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Susan K. Schroeder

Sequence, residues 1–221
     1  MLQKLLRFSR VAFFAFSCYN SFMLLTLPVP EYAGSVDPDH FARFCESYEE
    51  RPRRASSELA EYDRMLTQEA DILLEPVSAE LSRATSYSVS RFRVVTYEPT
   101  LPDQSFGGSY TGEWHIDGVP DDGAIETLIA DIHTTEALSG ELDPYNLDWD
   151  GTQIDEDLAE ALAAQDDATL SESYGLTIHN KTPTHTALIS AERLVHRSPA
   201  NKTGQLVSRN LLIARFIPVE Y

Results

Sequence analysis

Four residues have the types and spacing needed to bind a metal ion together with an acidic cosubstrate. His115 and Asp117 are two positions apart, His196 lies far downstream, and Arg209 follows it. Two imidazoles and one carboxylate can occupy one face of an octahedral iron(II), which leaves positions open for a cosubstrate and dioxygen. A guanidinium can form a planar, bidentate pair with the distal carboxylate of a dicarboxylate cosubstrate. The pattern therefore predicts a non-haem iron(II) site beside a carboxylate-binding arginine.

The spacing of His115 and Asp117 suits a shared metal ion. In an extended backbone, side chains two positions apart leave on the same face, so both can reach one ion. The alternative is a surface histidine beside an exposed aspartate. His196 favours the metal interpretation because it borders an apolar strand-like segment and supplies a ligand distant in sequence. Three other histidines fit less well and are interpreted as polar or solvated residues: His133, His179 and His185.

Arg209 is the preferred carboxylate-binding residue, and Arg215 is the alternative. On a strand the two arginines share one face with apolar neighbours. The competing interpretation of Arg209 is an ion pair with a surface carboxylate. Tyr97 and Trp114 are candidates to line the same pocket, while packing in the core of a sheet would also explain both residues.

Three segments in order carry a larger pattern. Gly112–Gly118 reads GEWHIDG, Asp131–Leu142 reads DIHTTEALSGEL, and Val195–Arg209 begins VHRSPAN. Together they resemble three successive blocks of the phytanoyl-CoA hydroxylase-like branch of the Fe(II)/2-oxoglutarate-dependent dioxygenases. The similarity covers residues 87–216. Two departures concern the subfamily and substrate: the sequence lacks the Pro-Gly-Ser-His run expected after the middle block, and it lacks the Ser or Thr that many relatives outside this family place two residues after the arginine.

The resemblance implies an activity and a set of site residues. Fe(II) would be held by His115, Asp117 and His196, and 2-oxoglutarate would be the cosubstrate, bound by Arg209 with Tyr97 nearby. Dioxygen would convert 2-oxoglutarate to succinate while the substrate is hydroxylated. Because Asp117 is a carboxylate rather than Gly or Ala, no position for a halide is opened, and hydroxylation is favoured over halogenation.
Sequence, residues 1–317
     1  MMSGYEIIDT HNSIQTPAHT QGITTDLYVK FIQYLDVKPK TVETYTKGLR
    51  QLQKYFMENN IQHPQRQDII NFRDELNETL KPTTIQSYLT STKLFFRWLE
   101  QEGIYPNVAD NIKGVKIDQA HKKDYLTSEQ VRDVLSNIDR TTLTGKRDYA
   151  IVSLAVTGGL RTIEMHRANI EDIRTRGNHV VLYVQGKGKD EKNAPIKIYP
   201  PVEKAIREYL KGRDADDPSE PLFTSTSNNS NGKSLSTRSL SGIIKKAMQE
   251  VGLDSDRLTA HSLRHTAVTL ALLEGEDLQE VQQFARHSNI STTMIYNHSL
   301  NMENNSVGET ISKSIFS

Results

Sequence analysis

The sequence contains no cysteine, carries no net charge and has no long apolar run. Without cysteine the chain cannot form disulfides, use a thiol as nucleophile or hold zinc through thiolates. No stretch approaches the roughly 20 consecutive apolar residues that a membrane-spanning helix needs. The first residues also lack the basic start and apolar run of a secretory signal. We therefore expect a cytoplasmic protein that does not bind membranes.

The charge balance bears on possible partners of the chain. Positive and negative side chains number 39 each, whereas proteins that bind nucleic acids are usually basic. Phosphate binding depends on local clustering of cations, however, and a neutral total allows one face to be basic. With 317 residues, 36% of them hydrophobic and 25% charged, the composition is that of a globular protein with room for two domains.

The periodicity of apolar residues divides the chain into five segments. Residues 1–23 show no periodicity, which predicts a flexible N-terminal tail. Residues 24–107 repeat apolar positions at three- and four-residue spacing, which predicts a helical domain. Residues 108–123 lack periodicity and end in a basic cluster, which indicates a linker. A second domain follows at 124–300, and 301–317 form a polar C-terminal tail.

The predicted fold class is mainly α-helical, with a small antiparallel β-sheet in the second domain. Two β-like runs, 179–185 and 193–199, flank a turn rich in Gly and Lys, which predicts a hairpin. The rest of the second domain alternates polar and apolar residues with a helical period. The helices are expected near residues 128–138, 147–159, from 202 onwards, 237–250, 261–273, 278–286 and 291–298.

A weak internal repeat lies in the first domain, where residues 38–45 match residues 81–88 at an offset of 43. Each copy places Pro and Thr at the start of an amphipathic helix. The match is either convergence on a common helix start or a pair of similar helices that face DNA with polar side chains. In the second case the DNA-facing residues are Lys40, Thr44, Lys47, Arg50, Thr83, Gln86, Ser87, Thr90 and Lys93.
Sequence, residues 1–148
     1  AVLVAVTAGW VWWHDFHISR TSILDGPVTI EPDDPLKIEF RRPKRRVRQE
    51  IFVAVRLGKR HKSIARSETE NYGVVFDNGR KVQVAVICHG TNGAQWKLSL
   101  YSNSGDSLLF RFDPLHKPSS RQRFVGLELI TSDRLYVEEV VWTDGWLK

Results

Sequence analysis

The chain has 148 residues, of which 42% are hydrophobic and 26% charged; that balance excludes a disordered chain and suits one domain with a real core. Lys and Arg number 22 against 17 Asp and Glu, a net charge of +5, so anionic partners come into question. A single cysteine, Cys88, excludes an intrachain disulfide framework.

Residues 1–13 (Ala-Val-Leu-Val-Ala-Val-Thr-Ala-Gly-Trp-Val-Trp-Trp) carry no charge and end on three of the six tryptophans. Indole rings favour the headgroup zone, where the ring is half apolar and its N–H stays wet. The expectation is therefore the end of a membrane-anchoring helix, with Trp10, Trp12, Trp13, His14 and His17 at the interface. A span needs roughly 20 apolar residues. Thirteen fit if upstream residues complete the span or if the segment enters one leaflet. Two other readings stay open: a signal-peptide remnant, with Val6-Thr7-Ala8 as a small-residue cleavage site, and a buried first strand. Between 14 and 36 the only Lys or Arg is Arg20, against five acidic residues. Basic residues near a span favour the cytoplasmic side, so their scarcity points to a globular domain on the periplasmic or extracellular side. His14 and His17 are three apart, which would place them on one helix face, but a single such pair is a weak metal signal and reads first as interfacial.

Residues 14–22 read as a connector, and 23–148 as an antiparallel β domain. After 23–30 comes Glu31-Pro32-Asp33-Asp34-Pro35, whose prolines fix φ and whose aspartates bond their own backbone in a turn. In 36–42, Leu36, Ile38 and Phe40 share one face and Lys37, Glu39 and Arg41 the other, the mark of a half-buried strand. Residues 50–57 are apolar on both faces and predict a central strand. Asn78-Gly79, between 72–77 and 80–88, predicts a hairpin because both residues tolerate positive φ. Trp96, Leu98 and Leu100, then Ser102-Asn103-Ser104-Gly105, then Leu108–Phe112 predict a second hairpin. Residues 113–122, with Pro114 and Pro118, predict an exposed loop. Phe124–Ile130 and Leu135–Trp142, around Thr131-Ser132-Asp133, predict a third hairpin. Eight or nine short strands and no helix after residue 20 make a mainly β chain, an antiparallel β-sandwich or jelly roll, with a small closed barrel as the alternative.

Business cycles are a notoriously elusive phenomenon for theorists, practitioners, and policy-makers. They are just one of a multitude of cyclical behaviors that a capitalist market economy exhibits. Detecting them requires a clear vision not only of the dynamics that generate them, but also of how to approach isolating the cyclical component in time series data. This chapter provides an overview of the theoretical approaches to thinking about what causes business cycles, the ways in which time series analysis has been used to detect cyclical patterns in data, and a discussion of the methodological challenges that heterodox economists face when selecting time series techniques and the advantages they have for more clearly understanding the dynamics which lie behind data.